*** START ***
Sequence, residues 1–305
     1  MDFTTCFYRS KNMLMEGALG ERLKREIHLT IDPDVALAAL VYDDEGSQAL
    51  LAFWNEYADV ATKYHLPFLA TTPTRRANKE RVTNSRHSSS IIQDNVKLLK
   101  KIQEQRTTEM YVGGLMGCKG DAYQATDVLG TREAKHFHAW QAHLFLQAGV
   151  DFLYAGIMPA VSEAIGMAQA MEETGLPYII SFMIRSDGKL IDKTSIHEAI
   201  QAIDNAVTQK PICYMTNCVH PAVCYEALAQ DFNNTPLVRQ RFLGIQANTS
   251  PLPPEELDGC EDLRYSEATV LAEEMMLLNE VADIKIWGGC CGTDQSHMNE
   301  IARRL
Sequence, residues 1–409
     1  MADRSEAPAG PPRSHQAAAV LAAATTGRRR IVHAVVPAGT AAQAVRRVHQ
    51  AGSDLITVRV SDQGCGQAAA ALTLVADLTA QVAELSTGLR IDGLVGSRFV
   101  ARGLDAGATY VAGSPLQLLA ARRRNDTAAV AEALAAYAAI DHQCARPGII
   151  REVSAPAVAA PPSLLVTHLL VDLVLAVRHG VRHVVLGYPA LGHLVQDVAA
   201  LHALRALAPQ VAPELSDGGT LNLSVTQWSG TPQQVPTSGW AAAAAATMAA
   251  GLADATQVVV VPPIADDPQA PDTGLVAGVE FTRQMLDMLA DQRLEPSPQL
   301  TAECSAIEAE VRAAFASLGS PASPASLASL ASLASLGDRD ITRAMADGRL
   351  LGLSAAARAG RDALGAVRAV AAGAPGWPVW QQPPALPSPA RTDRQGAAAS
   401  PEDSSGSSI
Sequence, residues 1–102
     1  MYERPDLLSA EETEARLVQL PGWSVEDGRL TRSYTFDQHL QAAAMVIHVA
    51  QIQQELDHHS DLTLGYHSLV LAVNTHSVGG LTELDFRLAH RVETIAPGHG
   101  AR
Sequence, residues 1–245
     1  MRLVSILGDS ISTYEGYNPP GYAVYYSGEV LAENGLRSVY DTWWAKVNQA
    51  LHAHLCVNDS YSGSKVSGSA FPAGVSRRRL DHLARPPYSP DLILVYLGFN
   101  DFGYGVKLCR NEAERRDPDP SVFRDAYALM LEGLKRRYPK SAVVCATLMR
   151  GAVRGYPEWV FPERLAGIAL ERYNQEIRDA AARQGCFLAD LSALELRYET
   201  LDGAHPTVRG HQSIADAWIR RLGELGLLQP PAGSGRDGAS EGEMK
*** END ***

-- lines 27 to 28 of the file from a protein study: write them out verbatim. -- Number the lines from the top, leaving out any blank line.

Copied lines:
   151  GAVRGYPEWV FPERLAGIAL ERYNQEIRDA AARQGCFLAD LSALELRYET
   201  LDGAHPTVRG HQSIADAWIR RLGELGLLQP PAGSGRDGAS EGEMK